Millions of people around the world rescue their health, daily, with asthma inhalers. The device is life-saving, but curiously inefficient for a technology that has been around for more than 60 years. The uneven spread and size of particles, combined with the different ways people use the inhaler, means drug delivery can often be just 25 per cent of what it should be.
Inhalers release a turbulent jet of vapour, not dissimilar to what you would see in an engine fuel injector, and in fact it’s this sideways leap in thinking that led to engineers from Australia and the US turning their engine and aerospace expertise to this medicine.
Using a synchrotron beamline – a source of extremely bright light used for highly accurate atomic and molecular analysis – in Chicago, the group unlocked the secret of why asthma inhalers are inefficient and, more importantly, were able to see how they can be improved.
Following their analysis of the inhaler at work, they’re confident that improved nozzle designs could deliver asthma drugs more efficiently and cut the medication’s cost per dose.
The project is being led by Professor Damon Honnery, deputy head of the Department of Mechanical and Aerospace Engineering at Monash University.
Professor Honnery, a mechanical engineer and also the joint head of the Laboratory for Turbulence Research in Aerospace and Combustion, is an expert on pollutant formation from engines and climate-change mitigation measures.
He explains that his laboratory has an extensive capability to measure sprays used in engines. And, quite remarkably, the components of those spray systems are very similar to the sprays used in asthma inhalers.
“So I like to think of the asthma inhaler as a fuel system, but with a cooler spray,” he says. “The canister is the fuel tank, if you like, and the nozzle and the spray actuator is the fuel delivery system.”
Professor Honnery was among a group of Australian and American researchers who used a special synchrotron beamline and X-ray techniques at Chicago’s Argonne National Laboratory to record for the first time what happens inside the plastic nozzle of an asthma inhaler.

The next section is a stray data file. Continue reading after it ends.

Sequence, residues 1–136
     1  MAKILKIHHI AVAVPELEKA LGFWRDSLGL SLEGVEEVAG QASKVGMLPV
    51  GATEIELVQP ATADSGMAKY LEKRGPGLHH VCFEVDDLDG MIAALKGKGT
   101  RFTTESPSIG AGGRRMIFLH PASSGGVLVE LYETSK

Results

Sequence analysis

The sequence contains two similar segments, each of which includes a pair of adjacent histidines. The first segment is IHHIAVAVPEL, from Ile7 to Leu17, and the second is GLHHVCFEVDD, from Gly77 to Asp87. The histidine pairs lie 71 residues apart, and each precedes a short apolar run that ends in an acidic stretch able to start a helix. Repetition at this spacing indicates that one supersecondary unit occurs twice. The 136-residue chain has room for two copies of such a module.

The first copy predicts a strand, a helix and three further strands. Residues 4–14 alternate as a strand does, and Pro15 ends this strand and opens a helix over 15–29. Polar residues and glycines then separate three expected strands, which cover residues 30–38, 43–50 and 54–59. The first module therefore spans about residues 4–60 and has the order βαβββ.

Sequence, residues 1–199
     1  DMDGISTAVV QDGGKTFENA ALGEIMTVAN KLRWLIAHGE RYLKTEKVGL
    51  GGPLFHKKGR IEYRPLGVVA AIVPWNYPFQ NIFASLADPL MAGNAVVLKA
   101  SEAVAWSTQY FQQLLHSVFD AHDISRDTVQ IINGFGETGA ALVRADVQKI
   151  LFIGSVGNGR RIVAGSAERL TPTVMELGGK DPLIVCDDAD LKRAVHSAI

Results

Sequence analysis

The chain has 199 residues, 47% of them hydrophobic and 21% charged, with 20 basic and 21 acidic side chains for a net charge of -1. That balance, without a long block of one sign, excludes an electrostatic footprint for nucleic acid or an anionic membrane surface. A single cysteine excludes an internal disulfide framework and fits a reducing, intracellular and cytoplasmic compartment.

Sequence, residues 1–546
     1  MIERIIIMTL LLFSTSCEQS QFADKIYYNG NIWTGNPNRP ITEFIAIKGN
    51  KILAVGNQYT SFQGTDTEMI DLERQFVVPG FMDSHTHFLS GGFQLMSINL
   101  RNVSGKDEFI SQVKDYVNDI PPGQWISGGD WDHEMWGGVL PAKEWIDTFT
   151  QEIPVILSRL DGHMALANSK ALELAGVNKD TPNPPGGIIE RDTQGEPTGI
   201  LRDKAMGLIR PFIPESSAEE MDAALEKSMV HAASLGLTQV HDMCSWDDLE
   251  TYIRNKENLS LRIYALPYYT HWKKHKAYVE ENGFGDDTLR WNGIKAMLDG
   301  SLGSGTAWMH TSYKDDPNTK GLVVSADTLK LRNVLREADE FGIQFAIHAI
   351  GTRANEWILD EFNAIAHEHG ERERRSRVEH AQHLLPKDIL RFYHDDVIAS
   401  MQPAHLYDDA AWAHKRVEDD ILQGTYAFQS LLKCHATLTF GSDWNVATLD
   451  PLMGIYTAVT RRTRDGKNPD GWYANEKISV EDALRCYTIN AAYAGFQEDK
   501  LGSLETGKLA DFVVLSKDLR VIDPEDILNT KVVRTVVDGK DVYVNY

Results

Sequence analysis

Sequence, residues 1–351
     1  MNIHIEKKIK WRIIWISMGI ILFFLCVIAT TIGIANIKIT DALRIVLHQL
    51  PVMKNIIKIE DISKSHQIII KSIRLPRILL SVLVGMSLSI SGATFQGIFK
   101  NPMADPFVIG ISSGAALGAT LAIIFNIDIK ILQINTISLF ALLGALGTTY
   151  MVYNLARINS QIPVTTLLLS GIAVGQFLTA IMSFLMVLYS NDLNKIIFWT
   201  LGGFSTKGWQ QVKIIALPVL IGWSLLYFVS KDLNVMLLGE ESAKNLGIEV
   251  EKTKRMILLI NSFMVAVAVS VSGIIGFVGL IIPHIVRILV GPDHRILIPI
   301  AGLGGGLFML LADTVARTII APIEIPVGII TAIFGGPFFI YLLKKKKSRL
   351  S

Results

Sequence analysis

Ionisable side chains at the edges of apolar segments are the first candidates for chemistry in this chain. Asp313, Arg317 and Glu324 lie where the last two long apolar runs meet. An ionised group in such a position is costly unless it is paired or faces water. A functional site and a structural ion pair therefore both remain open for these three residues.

They reported in 2016 that when the drug and liquid propellant mixture enters the millimetre-wide expansion chamber of the nozzle, it creates a foam with different-sized bubbles. “This foam has a complex structure, which varies over the entire ejection period, giving the spray an erratic quality,” he says.
The process that occurs inside the minute chamber of an asthma inhaler nozzle is actually more complex than that in the fuel injector, he says. “That’s because the inhaler liquid is a refrigerant that vaporises as it enters the nozzle, dropping the temperature to well below 0˚C.”
The aim of the new research project is to design nozzle components that “get more of the drug delivered into people’s lungs” and allow more precise control of doses.
The researchers also want to develop a more versatile spray. They hope to tailor nozzles and sprays to different user groups, such as children or frail elderly people.
The project is being undertaken jointly with Professor Paul Young, head of respiratory technology at the Woolcock Institute of Medical Research at the University of Sydney. It has received A$550,000 in funding from the European pharmaceutical company Chiesi, and an Australian Research Council (ARC) Linkage Grant.
Professor Honnery’s team, including ARC Discovery Early Career Researcher Award recipient Dr Daniel Duke, has already spent six months creating nozzle prototypes, and hopes to design about a dozen more.
The team will test these nozzles at the Monash laboratory and the Chicago synchrotron. Testing at the synchrotron, led by Dr Duke, will involve tens of thousands of sprays, 24 hours a day, for seven days.
“We’re trying to improve the spray process, so that a greater proportion of the drug falls into a particle size that can get into the lung,” Professor Honnery says.
If the researchers can ensure the drug is sprayed out at the right particle size, the canisters will deliver more doses, more precisely, increasing health benefits and reducing the risk of over or under-medicating. The inhalers could also potentially be used for other drugs that are far more dose-sensitive, such as insulin for diabetics, he says.
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